Western and Central U.S. Long Range Weather Forecast – March 12, 2018

For the upcoming week, a wet and snowy pattern will develop over California with moisture gradually pushing inland toward the Rockies over the second half of the week.  For the longer term pattern, the pattern is expected to favor western/southwestern areas such as California, Nevada, Utah, and Arizona for above normal precipitation, while the Pacific Northwest and high plains east of the Continental Divide will be favored for below normal precipitation.


Week 1 Outlook:  March 12-18

A ridge of high pressure located over the Rocky Mountains is resulting in a dry start to the week across the Intermountain West.  However, a deepening trough of low pressure along the Pacific Coast will pushing into California, resulting in significant precipitation and heavy snowfall for the Sierra Nevada Mountains and Lake Tahoe on Tuesday and Wednesday.  On Wednesday and Thursday, we’ll see mountain snow and valley rain move into Utah, Wyoming, and Western Colorado as the low pressure system pushes inland.  The Central Rockies could see respectable snowfall amounts during this time.  

Toward the end of the week, another strong system will bring more significant precipitation and heavy snowfall to California.  As this system moves toward the Rockies it will gradually weaken with lesser amounts of precipitation expected across the mountains of Utah, Wyoming, and Colorado.  Areas east of the Continental Divide, including Denver, look to be on the drier and warmer side of the pattern this week with most of the precipitation staying west of the Continental Divide.  It’s possible that Eastern Colorado could see some rain or snow showers Sunday depending on the track of the second system.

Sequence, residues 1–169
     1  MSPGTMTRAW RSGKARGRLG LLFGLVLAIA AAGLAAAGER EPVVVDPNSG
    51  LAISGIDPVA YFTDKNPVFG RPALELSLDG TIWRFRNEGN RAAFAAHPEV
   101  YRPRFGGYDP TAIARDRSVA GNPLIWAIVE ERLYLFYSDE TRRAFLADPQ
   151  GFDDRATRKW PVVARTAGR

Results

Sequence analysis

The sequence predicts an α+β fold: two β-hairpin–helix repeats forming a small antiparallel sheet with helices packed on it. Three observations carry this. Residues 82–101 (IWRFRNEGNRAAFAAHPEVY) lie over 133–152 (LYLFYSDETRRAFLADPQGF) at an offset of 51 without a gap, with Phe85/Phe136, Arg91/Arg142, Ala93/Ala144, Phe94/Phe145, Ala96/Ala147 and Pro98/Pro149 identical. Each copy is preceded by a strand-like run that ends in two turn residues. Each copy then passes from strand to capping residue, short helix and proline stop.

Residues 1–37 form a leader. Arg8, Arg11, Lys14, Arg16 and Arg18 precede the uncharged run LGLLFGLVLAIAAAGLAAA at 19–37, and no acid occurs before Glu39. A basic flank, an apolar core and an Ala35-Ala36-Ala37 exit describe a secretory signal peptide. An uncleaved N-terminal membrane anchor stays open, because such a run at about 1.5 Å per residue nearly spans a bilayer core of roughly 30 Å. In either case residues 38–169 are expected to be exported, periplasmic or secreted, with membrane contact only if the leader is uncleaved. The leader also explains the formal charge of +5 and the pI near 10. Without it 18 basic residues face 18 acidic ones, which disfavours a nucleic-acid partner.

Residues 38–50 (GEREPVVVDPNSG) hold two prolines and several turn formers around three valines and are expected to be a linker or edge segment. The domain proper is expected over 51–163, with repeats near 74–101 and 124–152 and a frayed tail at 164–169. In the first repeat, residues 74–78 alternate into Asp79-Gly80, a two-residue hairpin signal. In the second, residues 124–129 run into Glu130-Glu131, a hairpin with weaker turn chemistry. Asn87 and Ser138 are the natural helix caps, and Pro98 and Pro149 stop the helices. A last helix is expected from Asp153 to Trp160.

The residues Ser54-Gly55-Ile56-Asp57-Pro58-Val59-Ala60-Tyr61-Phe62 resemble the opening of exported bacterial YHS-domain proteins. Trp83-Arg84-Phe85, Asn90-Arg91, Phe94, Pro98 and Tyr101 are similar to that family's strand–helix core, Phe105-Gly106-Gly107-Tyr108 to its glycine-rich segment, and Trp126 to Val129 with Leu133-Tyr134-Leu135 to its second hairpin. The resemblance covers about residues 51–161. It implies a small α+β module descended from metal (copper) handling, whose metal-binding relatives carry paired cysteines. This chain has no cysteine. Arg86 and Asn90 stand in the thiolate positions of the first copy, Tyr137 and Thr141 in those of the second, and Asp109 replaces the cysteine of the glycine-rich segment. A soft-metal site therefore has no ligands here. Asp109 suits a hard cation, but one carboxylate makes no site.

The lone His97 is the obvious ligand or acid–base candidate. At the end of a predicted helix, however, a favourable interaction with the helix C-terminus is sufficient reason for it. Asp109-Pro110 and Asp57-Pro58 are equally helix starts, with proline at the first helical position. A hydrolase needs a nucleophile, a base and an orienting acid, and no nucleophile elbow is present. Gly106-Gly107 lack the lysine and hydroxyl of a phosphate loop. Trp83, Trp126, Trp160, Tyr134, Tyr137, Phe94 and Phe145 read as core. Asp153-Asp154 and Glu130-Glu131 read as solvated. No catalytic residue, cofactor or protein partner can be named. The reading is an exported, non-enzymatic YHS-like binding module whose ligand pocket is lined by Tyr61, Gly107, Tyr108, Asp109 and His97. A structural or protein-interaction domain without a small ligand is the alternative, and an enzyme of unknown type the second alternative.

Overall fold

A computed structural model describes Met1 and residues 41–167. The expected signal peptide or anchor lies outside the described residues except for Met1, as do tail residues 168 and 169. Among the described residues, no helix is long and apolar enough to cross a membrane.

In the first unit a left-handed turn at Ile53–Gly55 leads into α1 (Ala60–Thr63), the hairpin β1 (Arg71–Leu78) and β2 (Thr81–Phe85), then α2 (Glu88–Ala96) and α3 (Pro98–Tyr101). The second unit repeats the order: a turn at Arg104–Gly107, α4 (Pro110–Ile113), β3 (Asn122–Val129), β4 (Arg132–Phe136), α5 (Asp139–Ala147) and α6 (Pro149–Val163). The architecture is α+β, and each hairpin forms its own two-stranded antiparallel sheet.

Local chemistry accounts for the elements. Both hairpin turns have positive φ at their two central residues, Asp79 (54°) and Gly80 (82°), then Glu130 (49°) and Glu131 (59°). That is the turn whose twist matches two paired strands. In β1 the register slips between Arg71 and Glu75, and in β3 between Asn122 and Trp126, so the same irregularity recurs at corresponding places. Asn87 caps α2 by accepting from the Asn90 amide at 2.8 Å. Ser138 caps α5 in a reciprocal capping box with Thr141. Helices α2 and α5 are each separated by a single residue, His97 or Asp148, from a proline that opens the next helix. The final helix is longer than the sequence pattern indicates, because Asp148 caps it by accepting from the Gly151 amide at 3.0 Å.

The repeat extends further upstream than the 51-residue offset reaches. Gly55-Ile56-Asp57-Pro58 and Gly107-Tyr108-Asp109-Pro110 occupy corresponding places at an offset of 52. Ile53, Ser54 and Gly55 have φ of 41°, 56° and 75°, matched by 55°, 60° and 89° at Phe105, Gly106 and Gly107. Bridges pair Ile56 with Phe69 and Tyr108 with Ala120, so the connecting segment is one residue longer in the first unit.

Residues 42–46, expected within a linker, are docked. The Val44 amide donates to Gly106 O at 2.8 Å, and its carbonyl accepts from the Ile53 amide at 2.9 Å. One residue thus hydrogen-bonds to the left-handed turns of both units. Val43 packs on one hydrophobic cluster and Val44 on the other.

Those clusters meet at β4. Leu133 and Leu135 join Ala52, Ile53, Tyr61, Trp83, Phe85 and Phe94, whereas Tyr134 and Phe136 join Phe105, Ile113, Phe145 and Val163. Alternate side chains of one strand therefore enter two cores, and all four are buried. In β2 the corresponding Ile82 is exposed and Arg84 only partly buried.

Week 2 Outlook:  March 19-25

Next week, the pattern looks to remain fairly similar with frequent storm systems bringing more precipitation to California, including snow the Sierra Nevada Mountains.  The pattern should remain relatively active across the Rockies as well, and most of the Western U.S. is projected to see colder than average temperatures.  For areas east of the Continental Divide, including Denver, the pattern looks to be cooler and more unsettled next week, but there are no signs of any significant precipitation with areas west of the Continental Divide continuing to be favored for moisture.  The outlook for the Mile High City is not great in terms of moisture, but it’s possible that a system with the right trajectory could finally bring some snow to Denver during this time period – a better chance next week compared to any other week this month anyways.


Extended Outlook:  Late March – Early April

The longer range  pattern looks to favor the far western U.S., especially California, for above average precipitation and cooler than average temperatures, while areas east of the Continental Divide and across the Great Plains will be favored for below average precipitation.  This type of pattern would result in minor/temporary improvements in drought conditions across California, Nevada, and Utah, while Colorado would experience worsening drought conditions.

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